With deciduous leaves falling, and your borders cut back, it might look a little bare, but you can add colour by planting heathers or bright winter bedding in the form of pansies, primulas and violas. Tulip bulbs can also be planted in November – they won’t add much now but will reward you aplenty next year.
In coastal or exposed windy areas, you might want to prune back roses and tall shrubs like buddleia by a third to prevent them being rocked by the wind, which weakens them. It’s also wise to stake tall plants, climbers and young trees, and checking that arches, pergolas and fences are secure.
Your lawn will stop growing now but there’s still time to aerate it. You can use a lawn aerator, but a simple garden fork will do, inserted at regular intervals and leant over slightly to let air in. Clear fallen leaves off the lawn to keep it healthy and tidy. With your beds clear, you can probably see more of your lawn edges, so you can neaten them or reshape them, if required, using a half moon.
If you have a pond, you should net it to prevent leaves falling into the water. If there is quite a bit of pond weed that needs clearing, lay the clumps next to the pond once you’ve removed them, just for a day, to allow any wildlife to escape back to the water.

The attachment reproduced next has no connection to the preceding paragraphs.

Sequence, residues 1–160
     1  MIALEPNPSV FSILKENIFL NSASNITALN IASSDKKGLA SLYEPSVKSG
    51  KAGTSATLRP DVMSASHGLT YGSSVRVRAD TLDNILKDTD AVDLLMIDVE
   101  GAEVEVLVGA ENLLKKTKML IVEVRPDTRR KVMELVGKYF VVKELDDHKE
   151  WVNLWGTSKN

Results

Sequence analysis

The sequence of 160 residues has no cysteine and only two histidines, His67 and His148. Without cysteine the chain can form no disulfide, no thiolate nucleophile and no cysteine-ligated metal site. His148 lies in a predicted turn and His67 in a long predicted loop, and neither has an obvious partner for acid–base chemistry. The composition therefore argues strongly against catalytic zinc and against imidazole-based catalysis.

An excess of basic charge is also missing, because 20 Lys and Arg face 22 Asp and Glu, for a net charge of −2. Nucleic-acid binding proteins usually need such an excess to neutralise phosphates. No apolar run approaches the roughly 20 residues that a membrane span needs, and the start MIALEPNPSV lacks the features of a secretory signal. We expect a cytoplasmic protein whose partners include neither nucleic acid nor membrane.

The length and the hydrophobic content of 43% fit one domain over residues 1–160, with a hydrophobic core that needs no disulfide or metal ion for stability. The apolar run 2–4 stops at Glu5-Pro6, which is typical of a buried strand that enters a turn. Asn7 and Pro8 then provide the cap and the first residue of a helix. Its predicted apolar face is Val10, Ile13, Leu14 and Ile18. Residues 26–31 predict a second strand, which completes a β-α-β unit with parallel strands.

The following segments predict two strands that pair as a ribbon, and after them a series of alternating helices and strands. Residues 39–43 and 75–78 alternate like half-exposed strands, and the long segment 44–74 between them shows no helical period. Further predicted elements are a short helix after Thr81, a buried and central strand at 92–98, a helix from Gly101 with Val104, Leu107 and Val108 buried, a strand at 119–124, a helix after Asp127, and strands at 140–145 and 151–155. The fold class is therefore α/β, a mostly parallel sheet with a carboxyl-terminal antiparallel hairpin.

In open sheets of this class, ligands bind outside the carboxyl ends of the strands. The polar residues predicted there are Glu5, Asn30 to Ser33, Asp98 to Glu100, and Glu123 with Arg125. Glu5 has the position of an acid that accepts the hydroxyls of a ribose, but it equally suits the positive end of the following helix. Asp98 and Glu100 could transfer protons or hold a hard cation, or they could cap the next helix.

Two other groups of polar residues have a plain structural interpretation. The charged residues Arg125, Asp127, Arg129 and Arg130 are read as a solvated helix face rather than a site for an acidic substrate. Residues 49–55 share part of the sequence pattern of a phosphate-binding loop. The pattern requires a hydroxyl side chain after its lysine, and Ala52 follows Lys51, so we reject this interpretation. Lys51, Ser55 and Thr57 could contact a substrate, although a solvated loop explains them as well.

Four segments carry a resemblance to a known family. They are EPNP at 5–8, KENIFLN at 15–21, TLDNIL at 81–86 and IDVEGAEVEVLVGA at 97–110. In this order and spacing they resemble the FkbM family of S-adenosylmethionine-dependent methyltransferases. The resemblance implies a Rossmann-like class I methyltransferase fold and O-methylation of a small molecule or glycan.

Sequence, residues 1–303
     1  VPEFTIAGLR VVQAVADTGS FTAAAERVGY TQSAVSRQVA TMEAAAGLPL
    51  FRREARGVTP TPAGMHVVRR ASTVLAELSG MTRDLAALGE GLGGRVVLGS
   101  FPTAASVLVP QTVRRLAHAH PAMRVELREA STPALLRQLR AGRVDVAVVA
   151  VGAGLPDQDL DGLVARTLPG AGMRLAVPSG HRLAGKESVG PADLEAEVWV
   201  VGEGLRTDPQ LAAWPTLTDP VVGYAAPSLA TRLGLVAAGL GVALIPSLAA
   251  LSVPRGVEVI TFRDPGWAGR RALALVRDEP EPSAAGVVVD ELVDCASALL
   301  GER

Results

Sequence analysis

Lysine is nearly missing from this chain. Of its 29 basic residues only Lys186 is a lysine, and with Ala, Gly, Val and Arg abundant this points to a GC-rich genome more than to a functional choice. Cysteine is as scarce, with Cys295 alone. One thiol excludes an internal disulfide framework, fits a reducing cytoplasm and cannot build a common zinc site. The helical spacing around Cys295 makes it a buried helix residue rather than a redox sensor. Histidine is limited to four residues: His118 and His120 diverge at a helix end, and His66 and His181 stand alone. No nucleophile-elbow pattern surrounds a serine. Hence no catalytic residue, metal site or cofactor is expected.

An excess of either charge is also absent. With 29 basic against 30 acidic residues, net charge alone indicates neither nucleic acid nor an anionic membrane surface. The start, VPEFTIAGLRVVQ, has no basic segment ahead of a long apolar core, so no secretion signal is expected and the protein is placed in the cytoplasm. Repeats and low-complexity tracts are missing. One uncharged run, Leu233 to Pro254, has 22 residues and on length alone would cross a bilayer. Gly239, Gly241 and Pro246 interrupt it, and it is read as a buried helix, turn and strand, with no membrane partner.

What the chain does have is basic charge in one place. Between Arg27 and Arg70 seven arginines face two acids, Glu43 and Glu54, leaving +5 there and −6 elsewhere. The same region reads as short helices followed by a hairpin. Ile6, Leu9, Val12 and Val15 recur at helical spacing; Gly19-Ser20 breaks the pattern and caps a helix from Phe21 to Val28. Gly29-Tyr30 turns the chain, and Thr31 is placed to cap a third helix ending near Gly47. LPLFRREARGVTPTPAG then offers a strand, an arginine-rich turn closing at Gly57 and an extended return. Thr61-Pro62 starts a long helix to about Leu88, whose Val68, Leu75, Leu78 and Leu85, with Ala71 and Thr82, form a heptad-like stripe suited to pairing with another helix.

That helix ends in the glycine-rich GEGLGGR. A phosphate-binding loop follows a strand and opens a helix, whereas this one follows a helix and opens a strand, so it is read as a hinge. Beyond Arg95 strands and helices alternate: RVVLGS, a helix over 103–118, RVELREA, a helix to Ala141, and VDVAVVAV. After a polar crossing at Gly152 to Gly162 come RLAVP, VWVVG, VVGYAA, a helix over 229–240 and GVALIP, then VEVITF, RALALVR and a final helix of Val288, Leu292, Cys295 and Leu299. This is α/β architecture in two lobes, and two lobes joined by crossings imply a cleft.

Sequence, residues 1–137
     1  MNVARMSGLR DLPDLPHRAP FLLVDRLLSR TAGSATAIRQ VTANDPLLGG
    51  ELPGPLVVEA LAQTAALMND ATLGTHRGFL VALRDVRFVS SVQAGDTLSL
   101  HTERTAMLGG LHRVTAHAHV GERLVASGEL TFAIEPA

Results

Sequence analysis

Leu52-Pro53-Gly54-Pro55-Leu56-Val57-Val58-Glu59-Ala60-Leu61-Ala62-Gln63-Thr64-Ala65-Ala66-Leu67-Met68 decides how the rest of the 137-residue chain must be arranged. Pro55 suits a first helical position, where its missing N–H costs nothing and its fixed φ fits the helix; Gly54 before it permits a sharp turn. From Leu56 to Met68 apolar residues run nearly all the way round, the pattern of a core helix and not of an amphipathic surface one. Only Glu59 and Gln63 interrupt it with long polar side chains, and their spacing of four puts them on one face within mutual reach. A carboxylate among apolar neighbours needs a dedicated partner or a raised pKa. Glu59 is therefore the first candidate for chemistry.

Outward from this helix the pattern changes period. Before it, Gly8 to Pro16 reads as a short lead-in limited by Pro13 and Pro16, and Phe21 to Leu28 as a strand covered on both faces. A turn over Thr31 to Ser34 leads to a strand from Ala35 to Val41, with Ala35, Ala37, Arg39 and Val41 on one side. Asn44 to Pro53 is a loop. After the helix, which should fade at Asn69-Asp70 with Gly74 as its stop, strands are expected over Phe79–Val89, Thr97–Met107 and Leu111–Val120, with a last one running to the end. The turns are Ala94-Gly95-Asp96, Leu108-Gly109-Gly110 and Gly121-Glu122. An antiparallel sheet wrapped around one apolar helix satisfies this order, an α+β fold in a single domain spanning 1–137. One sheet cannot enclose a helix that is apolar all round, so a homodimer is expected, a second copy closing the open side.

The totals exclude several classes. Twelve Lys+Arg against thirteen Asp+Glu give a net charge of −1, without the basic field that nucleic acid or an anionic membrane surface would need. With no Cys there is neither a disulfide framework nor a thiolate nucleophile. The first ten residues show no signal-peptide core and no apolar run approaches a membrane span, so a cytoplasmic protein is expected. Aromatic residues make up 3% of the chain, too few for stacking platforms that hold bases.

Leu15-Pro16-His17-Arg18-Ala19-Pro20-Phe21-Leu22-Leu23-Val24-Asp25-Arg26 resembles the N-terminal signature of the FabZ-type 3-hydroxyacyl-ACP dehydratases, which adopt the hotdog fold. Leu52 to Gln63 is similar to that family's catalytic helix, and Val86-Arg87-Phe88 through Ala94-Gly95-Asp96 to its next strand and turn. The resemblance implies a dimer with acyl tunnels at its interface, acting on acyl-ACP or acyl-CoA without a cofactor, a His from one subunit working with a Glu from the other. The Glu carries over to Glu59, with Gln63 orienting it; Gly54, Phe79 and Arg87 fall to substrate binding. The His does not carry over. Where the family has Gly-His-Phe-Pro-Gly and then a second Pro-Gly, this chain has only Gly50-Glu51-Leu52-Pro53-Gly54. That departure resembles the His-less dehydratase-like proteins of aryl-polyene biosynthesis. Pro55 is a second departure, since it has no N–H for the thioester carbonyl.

Speaking of wildlife, the birds in your garden will need a helping hand over winter. Your bird bath is an important source of drinking water so make sure it’s topped up and kept ice-free. Birds need extra energy to survive the colder weather, so a couple of peanut feeders hung in your garden will really help.
If you have a bird table, keep it well stocked. You can buy ready-made winter seed mixes and bird food or just use what you have: bread crumbs, grated cheese, oatmeal, apples and other soft fruit from your garden. The greater variety of foods you provide, the greater the variety of birds who will visit.
You can, of course, plant your own bird food! Plants like Cotoneaster, Holly, Honeysuckle and Hawthorn all provide berries which are an invaluable source of winter food and, online, you’ll find other suggestions which might be more suitable for your garden. As well as helping the birds, berried plants add a splash of colour to the winter garden. My favourite is Skimmia, particularly ‘Rubella’ and Skimmia reevesiana.